Let’s not have the doctor tell your father he has Alzheimer’s

stethoscopeHeartWhile my parents are in Assisted Living and receive medical care and support for their activities of daily living, I still want to continue their habit of an annual physical with their military doctors. It allows me to ensure that I am well versed on their medical state, understand and ask questions. Most of their appointments in Assisted Living happen when I’m not present and it’s difficult to piece together from the reports. Many times I can’t read the doctor’s hand writing.

As we sit in the medical office waiting for the doctor to arrive, my Mom is telling me that Dad is not doing very well. She is angry that he doesn’t engage in more activities and won’t join us on our shopping trips. Repeatedly, I have shared that Dad can’t help that his brain has changed, which changes him. I tell her he might feel uncomfortable leaving their home. When my Mom continues to complain to me, I will usually softly tell her that Dad has been diagnosed with Alzheimer’s. “Oh” she replies.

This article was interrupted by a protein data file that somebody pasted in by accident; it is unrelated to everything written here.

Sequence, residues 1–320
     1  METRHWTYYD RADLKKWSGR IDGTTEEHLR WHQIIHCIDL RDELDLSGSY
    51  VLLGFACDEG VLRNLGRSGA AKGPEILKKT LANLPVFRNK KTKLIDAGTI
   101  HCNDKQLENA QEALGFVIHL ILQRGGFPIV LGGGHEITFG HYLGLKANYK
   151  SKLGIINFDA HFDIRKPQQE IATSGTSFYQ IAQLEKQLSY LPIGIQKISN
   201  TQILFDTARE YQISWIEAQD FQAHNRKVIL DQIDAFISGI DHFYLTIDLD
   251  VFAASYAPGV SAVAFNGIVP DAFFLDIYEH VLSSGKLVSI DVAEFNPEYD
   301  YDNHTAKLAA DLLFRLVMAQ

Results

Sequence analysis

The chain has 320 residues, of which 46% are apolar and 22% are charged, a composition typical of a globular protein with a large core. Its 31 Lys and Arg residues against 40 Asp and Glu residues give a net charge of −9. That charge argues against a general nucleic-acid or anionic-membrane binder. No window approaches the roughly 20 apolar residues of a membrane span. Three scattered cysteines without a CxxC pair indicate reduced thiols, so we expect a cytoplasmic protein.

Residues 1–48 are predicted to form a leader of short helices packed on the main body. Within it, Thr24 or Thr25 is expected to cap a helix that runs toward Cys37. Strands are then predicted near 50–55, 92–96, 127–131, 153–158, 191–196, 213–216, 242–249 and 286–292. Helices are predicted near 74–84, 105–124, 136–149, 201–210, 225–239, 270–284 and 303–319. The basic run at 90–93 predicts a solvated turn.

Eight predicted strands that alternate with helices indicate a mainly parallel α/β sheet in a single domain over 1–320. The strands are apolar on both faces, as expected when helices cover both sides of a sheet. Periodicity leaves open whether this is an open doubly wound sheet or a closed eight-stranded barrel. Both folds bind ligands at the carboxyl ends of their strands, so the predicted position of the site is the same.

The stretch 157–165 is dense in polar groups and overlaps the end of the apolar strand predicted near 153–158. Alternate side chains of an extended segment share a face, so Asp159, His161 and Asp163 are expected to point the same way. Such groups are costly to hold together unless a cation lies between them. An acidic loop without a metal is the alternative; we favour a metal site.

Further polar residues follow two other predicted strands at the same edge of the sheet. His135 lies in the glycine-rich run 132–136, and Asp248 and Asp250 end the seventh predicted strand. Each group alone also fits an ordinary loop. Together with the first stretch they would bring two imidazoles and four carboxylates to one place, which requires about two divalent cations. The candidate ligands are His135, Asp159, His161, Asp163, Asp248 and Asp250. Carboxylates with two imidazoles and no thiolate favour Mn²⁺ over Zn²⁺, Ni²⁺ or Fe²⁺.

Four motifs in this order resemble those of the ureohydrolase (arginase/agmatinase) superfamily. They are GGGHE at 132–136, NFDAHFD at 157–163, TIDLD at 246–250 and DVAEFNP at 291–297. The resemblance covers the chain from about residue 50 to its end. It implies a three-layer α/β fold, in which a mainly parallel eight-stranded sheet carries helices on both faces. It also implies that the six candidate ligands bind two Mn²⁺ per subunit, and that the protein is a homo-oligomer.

This is not the first time I have told her this, but she doesn’t remember. I try my best not to resort to this because each time I tell her, it feels like she is hearing the news for the first time. Each time, she is noticeably saddened by the news.

She asks if this means she should be a little kinder to him. She admits to chiding him for sitting and reading all day and showing no interest in any activities. She knows that he is going to see the doctor after her and says “Let’s not have the doctor tell your father he has Alzheimer’s.” Beloved.